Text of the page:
X-Men: Fall of the Mutants Omnibus (Anglais) Relié – 18 mai 2011
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Plot-wise, Fall of the Mutants Omnibus contains three, largely separate stories, each running through one of the main X-Books of 1987. The first, written by Louise Simonson, sees X-Factor struggle both to protect themselves from their traitorous business manager and protect New York City from Apocalypse and his Horsemen. In the second story, written by Chris Claremont, Storm undertakes a quest to murder Forge (who has, ostensibly, become evil) while the X-Men rescue Madelyne Pryor from the Marauders and find themselves face-to-face with Freedom Force. In the last story, also written by Louise Simonson, the New Mutants befriend a strange bird-boy, who leads the group into a dangerous adventure that ends in tragedy.
All three stories contain big events important to X-Men history, including the first appearance of Archangel, Roma's gift to the X-Men, and the tragic death of one the New Mutants. New readers encountering these stories for the first time, however, are likely to find them something of a mixed bag. The X-Factor tale is woefully convoluted and--in this reader's opinion--somewhat poorly drawn by Walter Simonson (panels are spare and, with Bob Wiacek on inks, often appear sketchy). Luckily, the Peter David Hulk stories that cross-over into it are beautifully drawn by Todd McFarlane. John Romita Jr. and Al Williamson also provide excellent art for Ann Nocenti's interesting Daredevil cross-over. Chris Claremont's X-Men storyline makes for a more enjoyable read--particularly the now classic Storm segment--but, as with Simonson on X-Factor, Marc Silevstri's art for it (inked by Dan Green) is not his best. The New Mutants bird-boy saga, however, proves to be the most enjoyable of the three. Though by far the least epic part of the "Fall of the Mutants" event, this quirky story manages to be both comical and, thanks to Brett Blevins' gorgeous and sometimes gruesome art (inked by Terry Austin), genuinely nerve-wracking.
If you're a die-hard fan of the X-Men and don't already own the trade paperback version of X-Men: The Fall of the Mutants (X-Men), this edition is worth picking up. If you're a more casual X-Men fan or already own the previous version, however, there's no reason to buy this--especially considering its sloppy production quality.
Uncanny X-Men 220-227
New Mutants 55-61
Incredible Hulk 336-337; 340
Power Pack 35
Captain America 39
Fantastic Four 312
This is a massive 813-page volume. Taken together it is representative of Marvel in the late 1980s. The book itself is beautiful (and a great way to replace the old comic boxes you might have hidden away): the jacket is a thick glossy high-quality paper. The pages are made from quality paperstock that makes the artwork with look better than it ever did in the original magazines.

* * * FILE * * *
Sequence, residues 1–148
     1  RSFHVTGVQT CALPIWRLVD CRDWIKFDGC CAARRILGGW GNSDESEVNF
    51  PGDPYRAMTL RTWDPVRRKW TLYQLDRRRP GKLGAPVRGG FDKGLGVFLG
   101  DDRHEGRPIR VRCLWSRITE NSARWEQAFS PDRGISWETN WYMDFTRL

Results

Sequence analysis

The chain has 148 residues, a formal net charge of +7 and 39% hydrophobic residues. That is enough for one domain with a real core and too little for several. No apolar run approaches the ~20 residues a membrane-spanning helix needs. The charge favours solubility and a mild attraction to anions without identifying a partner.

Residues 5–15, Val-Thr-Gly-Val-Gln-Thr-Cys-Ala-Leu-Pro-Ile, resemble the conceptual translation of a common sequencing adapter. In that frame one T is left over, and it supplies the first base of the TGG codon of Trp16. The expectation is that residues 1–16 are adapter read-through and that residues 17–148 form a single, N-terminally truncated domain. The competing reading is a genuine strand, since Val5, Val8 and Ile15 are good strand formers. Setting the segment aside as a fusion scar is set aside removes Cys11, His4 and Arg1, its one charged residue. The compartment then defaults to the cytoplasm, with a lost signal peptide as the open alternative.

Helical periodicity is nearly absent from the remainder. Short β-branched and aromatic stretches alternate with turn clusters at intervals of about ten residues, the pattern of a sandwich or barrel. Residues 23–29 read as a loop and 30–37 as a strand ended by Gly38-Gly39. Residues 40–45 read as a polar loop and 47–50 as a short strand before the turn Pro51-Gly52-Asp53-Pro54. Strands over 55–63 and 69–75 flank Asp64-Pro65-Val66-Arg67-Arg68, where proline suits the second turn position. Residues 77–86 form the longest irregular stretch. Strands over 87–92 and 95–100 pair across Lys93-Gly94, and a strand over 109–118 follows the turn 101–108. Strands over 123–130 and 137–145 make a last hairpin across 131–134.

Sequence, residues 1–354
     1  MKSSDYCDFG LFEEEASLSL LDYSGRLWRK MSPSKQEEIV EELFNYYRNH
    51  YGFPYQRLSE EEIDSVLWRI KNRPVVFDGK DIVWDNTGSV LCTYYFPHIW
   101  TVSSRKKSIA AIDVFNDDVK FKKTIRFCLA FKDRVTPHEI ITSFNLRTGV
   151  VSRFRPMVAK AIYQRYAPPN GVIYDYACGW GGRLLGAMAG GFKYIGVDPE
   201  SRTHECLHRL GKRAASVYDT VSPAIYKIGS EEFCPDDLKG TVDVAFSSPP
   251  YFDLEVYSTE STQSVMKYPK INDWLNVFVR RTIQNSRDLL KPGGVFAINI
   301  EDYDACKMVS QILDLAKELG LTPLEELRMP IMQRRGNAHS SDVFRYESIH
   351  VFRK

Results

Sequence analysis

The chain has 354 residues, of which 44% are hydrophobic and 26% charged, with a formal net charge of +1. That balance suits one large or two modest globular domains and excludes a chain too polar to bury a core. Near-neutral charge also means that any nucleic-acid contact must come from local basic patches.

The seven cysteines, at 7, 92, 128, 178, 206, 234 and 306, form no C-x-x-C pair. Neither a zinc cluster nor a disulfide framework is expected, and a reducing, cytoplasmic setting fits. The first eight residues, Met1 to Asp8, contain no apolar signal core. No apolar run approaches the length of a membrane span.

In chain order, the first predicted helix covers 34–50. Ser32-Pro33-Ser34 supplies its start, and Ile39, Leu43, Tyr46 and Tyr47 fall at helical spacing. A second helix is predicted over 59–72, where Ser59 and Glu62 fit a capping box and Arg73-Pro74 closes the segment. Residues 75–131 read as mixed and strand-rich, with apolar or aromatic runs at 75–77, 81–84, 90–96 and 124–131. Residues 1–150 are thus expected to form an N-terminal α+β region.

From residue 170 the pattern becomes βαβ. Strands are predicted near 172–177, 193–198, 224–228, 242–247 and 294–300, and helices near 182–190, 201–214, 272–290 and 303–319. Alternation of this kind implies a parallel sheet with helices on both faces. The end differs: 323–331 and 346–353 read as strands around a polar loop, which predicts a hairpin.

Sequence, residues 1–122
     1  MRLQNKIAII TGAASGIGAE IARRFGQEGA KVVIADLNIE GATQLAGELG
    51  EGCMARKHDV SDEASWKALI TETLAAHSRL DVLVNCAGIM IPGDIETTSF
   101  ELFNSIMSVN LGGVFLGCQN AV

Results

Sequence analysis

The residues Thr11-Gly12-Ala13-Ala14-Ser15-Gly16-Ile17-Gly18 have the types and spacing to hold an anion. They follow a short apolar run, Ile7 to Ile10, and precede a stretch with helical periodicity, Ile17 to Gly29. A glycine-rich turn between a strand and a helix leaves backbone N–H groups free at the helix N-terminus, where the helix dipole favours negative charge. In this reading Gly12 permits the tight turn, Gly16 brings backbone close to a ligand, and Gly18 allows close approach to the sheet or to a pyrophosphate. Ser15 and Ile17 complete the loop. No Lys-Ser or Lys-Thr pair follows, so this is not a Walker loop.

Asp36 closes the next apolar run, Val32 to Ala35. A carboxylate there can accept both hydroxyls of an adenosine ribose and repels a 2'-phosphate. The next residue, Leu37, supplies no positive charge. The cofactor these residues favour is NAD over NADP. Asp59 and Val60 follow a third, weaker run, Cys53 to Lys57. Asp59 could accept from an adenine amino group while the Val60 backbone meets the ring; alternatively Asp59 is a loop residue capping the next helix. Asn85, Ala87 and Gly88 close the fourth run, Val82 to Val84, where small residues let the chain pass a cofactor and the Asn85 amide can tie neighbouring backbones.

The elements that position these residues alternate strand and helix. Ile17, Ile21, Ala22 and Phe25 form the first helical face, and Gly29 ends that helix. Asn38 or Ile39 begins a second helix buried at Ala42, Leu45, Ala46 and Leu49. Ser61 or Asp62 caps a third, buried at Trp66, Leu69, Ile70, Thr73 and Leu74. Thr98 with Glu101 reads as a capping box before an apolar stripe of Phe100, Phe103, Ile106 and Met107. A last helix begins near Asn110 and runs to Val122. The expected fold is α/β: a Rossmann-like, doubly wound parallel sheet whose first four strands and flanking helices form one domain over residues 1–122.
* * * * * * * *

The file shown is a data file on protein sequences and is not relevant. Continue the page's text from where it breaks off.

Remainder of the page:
Given that Fall of the Mutants Omnibus collects so many Marvel titles, it represents what is great and not-so-great about Marvel at the time. Fall of the Mutants begins with X-Factor titles, which are by far the weakest of the collection. Unfortunately, X-Factor took some of the greatest X-Men, kept them in their original corny outfits and added an overly complicated cover story for them (something about helping mutants by disguising themselves as mutant hunters). Power Pack so-so.
While Fall of the Mutants Omnibus starts on weak note, it grows into a fantastic crescendo. By the time you get the Uncanny X-Men issues (about halfway through the omnibus), all the framework/set-up is out of the way. This leaves the X-Men ready to battle Adversary in a cosmic struggle that threatens the entire omniverse.
The X-Men issues ultimately redefine the direction of the series for several years to follow. These issues are critical reading for any X-Fan. Storm learns to balance her human abilities and desires with her God-like command of the elements. Wolverine is forced to become a team player. Colossus returns from a long recovery. The X-Men and Mystique reach a truce. There are great battle sequences between the Marauders and the X-Men (especially as Havoc is pitted against his love Polaris as possessed by Malice). Without giving away too much, the X-Men issues are phenomenal.
Fall of the Mutants Omnibus could be a 5-star collection; however, the overly drawn out cross-over is both typical of Marvel in 1980s-1990s and frustrating. I don't believe the random tie-ins with Power Pack, Hulk, Capt America, etc were really necessary (Marvel's logic at the time was to encourage readers of their flagship X-Men to buy other titles). However, the highs outnumber the lows. Even if you skipped the weaker issues collected in this Omnibus, you would still have 500-600 pages of great reading. So I give it 4-stars: "I liked it."
I thought pretty good but I must admit I'm a bit disappointed for over $60. Pay an extra $10 and get the Thor Omnibus which in my mind is the best thing put out in the 80's -amazing.